Freer acquired Kenzan and Kenzan-style ceramics as part of his liking for the Rimpa School from 1894 to 1911, a period rather late in his collecting career. Nevertheless, he gathered nearly 100 pieces 10 by the master himself and the rest by followers to form the largest collection of this work outside Japan.
The exhibition presents Freer's entire collection of the genre for the first time and illustrates the development of the style ranging from examples by Kenzan to later, more inferior efforts. The show poses two issues: Considering the small space devoted to the display, should the gallery include so many poorer artistic works for the sake of scholarly elucidation? The works by later interpreters and copyists that clearly are inferior also raises questions about the validity of the Japanese practice of copying.

Kenzan's potential for greatness was not apparent early in his life. When his father died in 1687, Kenzan received a lavish inheritance of three houses, the family library and half of the family's cash and art collection.
The artist changed his name to Shinsei, which means "deep meditation," and built a secluded villa for pursuing cultural projects poetry, music, the tea ceremony and, especially, calligraphy in Omuro near a temple.
In 1699, Kenzan altered his dilettantish life. He built a three-chamber climbing kiln on property adjacent to the temple. He started to produce ceramics under the name of Kenzan, meaning the location of the kiln in Narutaki, in the mountains northwest of Kyoto.
At first he produced pottery that imitated art objects and utilized square formats with designs alluding to Heian period pottery (794 to 1185). He inscribed the poems on the base.
Kenzan was not a potter, just as glass artist Dale Chihuly does not actually blow glass. Rather, Kenzan was an individual who could creatively manipulate the kiln and direct apprentices.
One such early ceramic is his colorful, intricately painted "Incense Container With Design 'Narrow Ivy Road.'" The scene comes from the ninth chapter of the "Tale of Ise" in which a party of exiles, including the central figure, comes to a mountain pass. The dark ivy-covered path that led into the hills had plunged them into sadness.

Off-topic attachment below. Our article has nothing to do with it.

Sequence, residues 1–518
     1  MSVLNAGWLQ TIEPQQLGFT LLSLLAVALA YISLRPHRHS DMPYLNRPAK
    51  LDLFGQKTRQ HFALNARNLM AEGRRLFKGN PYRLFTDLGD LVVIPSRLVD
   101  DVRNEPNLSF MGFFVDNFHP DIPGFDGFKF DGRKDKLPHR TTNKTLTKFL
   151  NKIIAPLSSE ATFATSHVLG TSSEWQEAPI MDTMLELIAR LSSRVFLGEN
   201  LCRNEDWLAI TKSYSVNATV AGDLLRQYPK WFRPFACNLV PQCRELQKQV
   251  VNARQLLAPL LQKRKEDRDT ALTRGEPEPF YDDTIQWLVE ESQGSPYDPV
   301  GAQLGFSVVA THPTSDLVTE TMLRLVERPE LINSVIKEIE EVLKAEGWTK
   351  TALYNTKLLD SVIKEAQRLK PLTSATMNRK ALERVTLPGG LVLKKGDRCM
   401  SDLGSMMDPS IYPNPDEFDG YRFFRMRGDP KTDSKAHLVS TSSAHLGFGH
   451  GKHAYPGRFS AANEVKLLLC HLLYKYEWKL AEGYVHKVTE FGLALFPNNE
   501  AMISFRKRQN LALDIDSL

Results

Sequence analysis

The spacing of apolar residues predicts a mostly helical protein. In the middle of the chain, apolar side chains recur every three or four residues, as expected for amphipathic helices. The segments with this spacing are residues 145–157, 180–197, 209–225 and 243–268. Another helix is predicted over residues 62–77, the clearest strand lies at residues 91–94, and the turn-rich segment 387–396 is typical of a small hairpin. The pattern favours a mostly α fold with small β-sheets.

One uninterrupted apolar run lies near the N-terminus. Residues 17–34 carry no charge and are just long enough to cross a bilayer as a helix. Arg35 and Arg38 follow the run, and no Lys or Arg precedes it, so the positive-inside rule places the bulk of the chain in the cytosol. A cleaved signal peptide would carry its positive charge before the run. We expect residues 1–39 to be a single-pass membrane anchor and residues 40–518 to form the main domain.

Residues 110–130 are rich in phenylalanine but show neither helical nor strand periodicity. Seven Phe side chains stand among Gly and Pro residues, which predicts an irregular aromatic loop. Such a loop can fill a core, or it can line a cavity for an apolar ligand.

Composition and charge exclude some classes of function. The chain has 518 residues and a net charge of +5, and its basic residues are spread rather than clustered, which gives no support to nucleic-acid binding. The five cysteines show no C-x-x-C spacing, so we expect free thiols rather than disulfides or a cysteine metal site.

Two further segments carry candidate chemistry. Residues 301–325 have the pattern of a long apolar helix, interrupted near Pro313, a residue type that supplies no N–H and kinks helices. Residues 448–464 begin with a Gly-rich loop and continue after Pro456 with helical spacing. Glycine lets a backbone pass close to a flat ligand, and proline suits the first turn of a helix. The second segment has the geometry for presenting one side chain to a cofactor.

In 1712 Kenzan moved again, this time to central Kyoto, specifically Chojiyamachi, where he produced his greatest art. It was a move to expand his shrinking inheritance and be near an important distribution center for artwork. He also recognized that his strength lay in decorating surfaces of individual pieces.
Korin had returned to Kyoto in 1709, and the brothers continued their collaboration. Under Korin's inspiration, Kenzan adapted flat Rimpa designs to the rounded shapes of bowls and plates. These works that combine images from court poetry with a determinedly rustic style in painting cranes, grass and flowers are his greatest works. The exhibit's pampas grass tea bowl and "Incense Burner With Design of Mountain Retreat" are two of these spectacular works.

WHAT: "The Potter's Brush: The Kenzan Style in Japanese Ceramics"
WHERE: Smithsonian Institution's Freer Gallery of Art, Jefferson Drive at 12th Street SW
WHEN: 10 a.m. to 5:30 p.m. daily through Oct. 27
tickets: Free
PHONE: 202/357-2700

Sign up for Daily Newsletters

Copyright © 2019 The Washington Times, LLC. Click here for reprint permission.

The Washington Times Comment Policy

The Washington Times welcomes your comments on Spot.im, our third-party provider. Please read our Comment Policy before commenting.


Click to Read More and View Comments

Click to Hide